Background and aims: Preclinical studies show high-density lipoproteins (HDL) have a protective and reparative effect on the endothelium. HDL is, however, susceptible to oxidation, which affects function. Myeloperoxidase (MPO)-induced modification of HDL results in loss of anti-apoptotic and anti-inflammatory functions, however, its effect on endothelial proliferation and migration has not been characterized. Methods: HUVECs were co-incubated with MPO-oxidised- or native-HDL (nHDL) in proliferation and migration assays. Signalling proteins were assessed in Western blots. Results: nHDL caused dose-dependent increases of endothelial proliferation and migration. Consistent with an increase in cellular proliferation, HDL also stimulated proliferative cellular nuclear antigen (PCNA) expression and ERK phosphorylation in a concentration-dependent manner, which did not occur with MPO-oxidised HDL. HDL increased Akt phosphorylation, a driver of cellular migration. Contrastingly, MPO-oxidised HDL was unable to increase Akt phosphorylation and extensively-oxidised HDL inhibited Akt phosphorylation. Conclusions: HDL promotes endothelial proliferation and migration, mediated in part via activation of ERK and Akt signalling. MPO-induced oxidative modification of HDL attenuates the endothelial-protective effects of HDL. These findings suggest that in an oxidative milieu, present in ageing and disease, HDL is likely to become ineffective. This has implications for HDL-raising therapies and emphasizes the need for strategies that prevent oxidation-related HDL dysfunction.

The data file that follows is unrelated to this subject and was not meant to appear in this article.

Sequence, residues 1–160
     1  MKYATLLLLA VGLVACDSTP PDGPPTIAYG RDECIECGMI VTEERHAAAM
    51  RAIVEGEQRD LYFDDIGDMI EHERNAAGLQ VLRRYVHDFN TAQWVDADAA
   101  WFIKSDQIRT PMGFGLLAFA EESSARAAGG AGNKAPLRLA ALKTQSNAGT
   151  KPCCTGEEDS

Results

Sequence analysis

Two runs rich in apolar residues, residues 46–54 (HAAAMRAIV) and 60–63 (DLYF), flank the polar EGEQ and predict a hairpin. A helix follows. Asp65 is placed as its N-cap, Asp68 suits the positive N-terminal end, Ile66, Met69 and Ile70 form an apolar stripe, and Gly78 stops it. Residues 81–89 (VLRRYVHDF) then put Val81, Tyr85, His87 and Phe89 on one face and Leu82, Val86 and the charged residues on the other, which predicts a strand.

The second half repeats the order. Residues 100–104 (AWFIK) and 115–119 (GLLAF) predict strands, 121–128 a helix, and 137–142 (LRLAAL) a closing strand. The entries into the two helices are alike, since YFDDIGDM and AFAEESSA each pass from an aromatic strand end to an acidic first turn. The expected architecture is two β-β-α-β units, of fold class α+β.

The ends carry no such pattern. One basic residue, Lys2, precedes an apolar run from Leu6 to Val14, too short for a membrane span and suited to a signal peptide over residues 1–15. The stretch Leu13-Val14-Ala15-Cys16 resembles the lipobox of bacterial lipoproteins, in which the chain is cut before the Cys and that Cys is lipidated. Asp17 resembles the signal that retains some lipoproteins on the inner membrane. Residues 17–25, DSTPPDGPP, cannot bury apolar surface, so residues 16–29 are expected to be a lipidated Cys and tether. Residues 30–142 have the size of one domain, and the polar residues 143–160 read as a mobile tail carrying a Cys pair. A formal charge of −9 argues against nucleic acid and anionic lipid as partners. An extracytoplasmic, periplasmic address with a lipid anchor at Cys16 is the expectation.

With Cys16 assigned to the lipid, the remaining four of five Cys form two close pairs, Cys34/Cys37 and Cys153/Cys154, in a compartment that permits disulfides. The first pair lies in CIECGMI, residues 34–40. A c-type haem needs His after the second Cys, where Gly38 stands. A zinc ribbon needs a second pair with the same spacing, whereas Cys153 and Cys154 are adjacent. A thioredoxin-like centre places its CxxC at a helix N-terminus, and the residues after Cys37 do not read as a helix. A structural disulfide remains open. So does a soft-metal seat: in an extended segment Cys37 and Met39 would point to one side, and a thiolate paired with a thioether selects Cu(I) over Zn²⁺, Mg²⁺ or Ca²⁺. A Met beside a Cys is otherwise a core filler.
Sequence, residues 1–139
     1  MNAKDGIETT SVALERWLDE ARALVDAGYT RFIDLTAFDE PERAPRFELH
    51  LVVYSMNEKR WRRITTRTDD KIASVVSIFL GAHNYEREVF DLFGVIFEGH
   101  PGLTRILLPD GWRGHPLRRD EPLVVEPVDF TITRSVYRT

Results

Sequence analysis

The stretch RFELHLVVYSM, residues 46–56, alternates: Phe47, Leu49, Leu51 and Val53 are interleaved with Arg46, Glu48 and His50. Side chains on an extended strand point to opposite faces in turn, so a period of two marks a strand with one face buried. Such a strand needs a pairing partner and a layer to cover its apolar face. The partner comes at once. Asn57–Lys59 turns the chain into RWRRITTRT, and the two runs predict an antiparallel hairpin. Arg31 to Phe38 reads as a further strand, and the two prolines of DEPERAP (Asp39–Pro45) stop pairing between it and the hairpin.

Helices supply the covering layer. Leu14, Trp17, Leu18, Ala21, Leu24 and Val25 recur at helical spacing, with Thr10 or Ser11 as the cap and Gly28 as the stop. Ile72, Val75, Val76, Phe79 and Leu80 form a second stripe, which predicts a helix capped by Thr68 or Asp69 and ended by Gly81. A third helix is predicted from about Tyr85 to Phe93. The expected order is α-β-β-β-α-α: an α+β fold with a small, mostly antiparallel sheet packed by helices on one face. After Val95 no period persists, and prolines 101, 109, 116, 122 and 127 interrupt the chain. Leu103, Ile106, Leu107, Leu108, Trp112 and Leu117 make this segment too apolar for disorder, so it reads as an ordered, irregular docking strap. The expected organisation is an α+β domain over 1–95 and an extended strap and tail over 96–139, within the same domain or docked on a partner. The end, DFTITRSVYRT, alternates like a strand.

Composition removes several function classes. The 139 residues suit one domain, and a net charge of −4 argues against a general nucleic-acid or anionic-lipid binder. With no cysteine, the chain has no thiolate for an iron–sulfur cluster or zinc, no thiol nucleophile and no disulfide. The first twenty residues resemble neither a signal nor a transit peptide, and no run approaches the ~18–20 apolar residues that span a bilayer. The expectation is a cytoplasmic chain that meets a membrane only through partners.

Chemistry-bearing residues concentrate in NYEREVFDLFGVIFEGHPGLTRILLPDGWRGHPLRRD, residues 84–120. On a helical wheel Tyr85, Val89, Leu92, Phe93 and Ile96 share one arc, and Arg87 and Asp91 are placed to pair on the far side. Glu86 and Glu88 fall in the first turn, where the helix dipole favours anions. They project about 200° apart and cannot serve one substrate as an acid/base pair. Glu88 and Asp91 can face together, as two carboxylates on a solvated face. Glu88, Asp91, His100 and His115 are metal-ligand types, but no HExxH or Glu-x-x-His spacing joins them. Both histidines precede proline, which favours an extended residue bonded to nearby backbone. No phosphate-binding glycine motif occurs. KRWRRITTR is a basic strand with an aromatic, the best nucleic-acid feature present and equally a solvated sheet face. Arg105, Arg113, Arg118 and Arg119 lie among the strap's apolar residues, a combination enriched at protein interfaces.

|Number of pages||9|
|Publication status||Published - 1 Jun 2018|
- Endothelial cells
- High-density lipoproteins